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Lending Limit Revision Would Protect Bank Loan Collateral

WASHINGTON, DC — The Office of the Comptroller of the Currency (OCC) proposes to modify the regulation on bank lending limits in a way that provides added protection to bank loan collateral. The proposal appears in today's Federal Register.

The OCC proposal mirrors a provision in the existing lending limit rule that permits additional funds to be extended beyond the single borrower lending limit on loans secured by real estate, provided the funds are needed to pay for maintenance and operating expenses to the extent necessary to preserve collateral, consistent with safe and sound banking practices.

Today's proposal extends the same treatment to loans secured by collateral other than real estate. For example, a bank would be able to extend additional funds on a loan secured by perishable crops to enable the crops to get to market. Not to do so would endanger the value of the crops that serve as collateral for the bank's loan.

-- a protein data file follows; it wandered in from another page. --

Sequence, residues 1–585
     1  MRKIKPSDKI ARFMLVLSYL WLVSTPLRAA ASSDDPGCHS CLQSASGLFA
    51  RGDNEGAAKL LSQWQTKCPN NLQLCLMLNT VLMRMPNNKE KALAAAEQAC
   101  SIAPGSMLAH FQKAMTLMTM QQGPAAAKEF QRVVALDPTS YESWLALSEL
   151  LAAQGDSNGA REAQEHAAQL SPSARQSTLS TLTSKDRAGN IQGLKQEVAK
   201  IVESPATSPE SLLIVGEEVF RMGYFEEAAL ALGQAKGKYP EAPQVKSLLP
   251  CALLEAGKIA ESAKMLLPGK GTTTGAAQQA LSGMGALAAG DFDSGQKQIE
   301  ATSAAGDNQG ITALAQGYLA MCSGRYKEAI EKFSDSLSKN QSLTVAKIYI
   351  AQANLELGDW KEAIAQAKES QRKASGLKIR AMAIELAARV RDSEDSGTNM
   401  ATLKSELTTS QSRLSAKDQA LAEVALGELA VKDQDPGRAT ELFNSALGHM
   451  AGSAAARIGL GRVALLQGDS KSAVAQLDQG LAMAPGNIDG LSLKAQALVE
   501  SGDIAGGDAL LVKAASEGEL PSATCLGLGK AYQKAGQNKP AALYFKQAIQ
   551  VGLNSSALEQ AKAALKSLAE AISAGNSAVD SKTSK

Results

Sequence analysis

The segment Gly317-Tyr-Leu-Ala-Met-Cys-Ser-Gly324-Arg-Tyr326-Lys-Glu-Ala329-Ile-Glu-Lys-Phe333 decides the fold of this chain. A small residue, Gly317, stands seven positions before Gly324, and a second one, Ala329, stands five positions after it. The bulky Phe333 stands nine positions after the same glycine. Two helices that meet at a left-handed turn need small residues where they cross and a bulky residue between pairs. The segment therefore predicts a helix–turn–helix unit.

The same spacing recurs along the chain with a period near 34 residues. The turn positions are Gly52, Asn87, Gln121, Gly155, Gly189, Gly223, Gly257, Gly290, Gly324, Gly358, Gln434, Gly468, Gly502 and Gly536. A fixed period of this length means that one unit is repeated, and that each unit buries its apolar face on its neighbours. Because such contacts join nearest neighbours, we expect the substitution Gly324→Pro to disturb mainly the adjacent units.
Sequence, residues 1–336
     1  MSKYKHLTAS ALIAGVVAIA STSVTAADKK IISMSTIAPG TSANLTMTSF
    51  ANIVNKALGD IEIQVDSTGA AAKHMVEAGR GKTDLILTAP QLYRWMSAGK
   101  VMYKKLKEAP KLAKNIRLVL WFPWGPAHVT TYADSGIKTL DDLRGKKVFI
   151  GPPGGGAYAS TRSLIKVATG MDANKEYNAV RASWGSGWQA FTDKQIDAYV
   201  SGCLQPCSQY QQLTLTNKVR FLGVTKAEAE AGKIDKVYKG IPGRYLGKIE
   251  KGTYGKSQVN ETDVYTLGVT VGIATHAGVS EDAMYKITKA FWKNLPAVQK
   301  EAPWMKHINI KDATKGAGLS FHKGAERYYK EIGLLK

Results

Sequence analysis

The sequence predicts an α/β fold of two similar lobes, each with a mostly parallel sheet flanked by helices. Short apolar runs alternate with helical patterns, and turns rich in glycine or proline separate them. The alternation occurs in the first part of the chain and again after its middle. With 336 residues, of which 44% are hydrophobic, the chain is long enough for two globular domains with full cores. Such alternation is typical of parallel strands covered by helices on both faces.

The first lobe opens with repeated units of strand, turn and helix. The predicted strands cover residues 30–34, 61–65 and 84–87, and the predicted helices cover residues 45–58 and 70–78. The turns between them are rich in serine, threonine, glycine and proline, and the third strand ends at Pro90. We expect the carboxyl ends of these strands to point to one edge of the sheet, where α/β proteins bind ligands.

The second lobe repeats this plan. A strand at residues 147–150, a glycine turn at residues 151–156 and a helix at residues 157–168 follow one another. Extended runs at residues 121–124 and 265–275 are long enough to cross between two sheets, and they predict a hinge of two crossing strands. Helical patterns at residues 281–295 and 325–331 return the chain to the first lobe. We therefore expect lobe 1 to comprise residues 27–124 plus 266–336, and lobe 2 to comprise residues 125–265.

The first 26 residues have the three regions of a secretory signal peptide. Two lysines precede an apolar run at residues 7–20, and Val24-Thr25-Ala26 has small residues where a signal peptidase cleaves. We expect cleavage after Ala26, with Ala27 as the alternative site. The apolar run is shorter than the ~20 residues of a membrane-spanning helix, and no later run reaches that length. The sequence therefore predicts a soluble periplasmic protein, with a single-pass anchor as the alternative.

Safety and soundness standards would apply when additional funds are extended. A national bank would be expected to document what collateral is being protected, why the amount to be advanced is the necessary amount, and how the additional funds preserve collateral. Documentation would also be needed on how the bank's position would be protected by preserving the collateral as compared to attempting to sell the collateral.

The OCC proposal also clarifies that a national bank is to calculate its lending limit based on capital and surplus as of the end of the most recent quarter. The recalculated lending limit would be effective on the date that a bank files its call report.

Public comments on the proposed rule are due by September 16. The lending limit is part 32 of the OCC's regulations.  

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